New South Wales introduced changes to strata laws in 2020 to address numerous issues that Owners Corporations and residents were facing, with the increasing numbers of short-term renters. Notably, an Owners Corporation is now able to pass a by-law (with a 75% majority), to prevent a scheme from being used for short-stay accommodation, as long as a property is not the principal place of residence for the owner, or is a single room only that is being utilised as short-stay accommodation
The NSW Code of Conduct – where are we now?
A mandatory Code of Conduct for the Short-Term Rental Accommodation Industry in NSW commenced on 18 December 2020 (the Code). The Code did not have any impact on rules around residential tenancies and other traditional forms of short-term accommodation like hotels, targeting solely commercial arrangements where a tenant is given the right to occupy a residential premises for up to three months at a time.
The Code was implemented to regulate the industry and to establish mandatory minimum standards of behaviour and requirements for booking platforms, hosts, guests and letting agents. The Code also establishes dispute resolution and complaint processes and is generally intended to facilitate the oversight of the short-stay industry in NSW by NSW Fair Trading.
Further projected changes in 2021 include the introduction of a short-term rental accommodation register, and changes to planning laws which will mean consistent regulation of premises used for short-term rentals across NSW. These concepts have not yet been implemented. Perhaps because of the impact that COVID has had on the ‘Airbnb’ industry, these changes are not as urgent as they may once have been.
The Victorian experience
The holiday rental/short stay accommodation industry in Victoria is less strictly regulated than in NSW. Holiday and short-term accommodation landlords are instead guided by a Code of Conduct which sets out their management and maintenance responsibilities. The only government intervention seen so far is the implementation of a complaints process, which is administered through changes introduced in February 2019 to the Owners Corporations Act 2006.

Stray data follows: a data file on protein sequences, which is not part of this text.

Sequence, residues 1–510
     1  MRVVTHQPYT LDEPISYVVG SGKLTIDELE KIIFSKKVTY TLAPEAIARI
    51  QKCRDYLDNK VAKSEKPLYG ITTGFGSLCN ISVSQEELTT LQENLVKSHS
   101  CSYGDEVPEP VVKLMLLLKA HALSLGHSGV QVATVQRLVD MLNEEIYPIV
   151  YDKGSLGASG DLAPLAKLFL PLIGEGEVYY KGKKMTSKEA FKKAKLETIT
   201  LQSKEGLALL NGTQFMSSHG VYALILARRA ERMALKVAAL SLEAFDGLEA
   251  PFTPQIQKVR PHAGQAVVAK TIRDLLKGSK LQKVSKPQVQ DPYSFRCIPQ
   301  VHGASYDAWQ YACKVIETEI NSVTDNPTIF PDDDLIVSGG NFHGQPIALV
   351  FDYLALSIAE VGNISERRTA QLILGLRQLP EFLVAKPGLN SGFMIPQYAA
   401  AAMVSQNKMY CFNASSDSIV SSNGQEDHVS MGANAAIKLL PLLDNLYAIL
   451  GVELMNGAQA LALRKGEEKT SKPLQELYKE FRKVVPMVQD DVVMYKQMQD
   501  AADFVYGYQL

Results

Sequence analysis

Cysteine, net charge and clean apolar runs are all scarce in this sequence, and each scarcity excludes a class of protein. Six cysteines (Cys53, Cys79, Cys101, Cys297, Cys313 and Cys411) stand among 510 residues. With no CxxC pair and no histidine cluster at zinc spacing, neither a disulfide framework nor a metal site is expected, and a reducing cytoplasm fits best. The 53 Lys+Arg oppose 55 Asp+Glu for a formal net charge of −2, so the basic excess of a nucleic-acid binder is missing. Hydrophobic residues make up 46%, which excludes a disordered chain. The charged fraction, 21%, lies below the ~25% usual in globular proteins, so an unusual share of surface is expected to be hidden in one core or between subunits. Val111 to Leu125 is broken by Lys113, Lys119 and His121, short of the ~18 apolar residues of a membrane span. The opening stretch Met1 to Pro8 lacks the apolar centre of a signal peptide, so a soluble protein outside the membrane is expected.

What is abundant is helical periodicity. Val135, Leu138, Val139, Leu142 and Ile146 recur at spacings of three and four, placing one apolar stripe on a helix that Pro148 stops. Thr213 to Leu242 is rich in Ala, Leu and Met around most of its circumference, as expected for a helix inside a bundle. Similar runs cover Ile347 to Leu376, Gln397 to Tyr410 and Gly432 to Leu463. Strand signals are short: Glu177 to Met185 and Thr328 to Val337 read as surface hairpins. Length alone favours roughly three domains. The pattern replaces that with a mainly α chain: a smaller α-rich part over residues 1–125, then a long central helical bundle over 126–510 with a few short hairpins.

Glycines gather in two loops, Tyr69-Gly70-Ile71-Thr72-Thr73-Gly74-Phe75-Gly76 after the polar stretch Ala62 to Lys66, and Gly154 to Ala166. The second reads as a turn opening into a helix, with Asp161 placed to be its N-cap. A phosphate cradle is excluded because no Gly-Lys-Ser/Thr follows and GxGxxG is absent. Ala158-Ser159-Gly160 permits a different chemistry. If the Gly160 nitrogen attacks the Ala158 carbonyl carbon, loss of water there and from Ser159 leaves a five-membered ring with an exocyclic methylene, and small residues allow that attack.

The changes enable the Victorian Civil and Administrative Tribunal (VCAT) to impose fines, award compensation and prohibit apartments from being rented out for short-stay accommodation. Owners Corporations are also able to issue breach notices to guests. This additional form of regulation certainly imposes some accountability for ‘Airbnb’ hosts which is no doubt welcomed by the hotel industry.
Recently, The Owners Corporations and Other Acts Amendment Bill 2019 (VIC) was passed but is not yet operative.
Initially, the Bill proposed to limit certain contracts for hotel, resort and serviced apartment complexes to three years in duration, as it does with other service and management contracts entered into in relation to the Owners Corporations Act 2006 (VIC). After lobbying from the hotel and serviced apartment industry, this proposal to limit the term of hotel management agreements (and the like) was thankfully deleted.
However, the power remains to pass regulations that may have an impact on some management or service related contracts for services provided by hotel and resort operators in mixed use schemes.
Once enacted, regulations may be made prescribing requirements for hotel and resort management contracts that may restrict the term of those contracts, increase, limit or place parameters on fees and charges under those contracts and prohibit or regulate the inclusion of specific terms and conditions in those contracts.
It is difficult to accurately predict the potential impacts of the Bill on the short-term stay and hotel industry until regulations are circulated. We will continue to monitor any proposed regulations and will provide further updates as the situation becomes clearer.
Duane Keighran is a leading hotels and hospitality lawyer, representing hotel operators, investors and developers across Australia.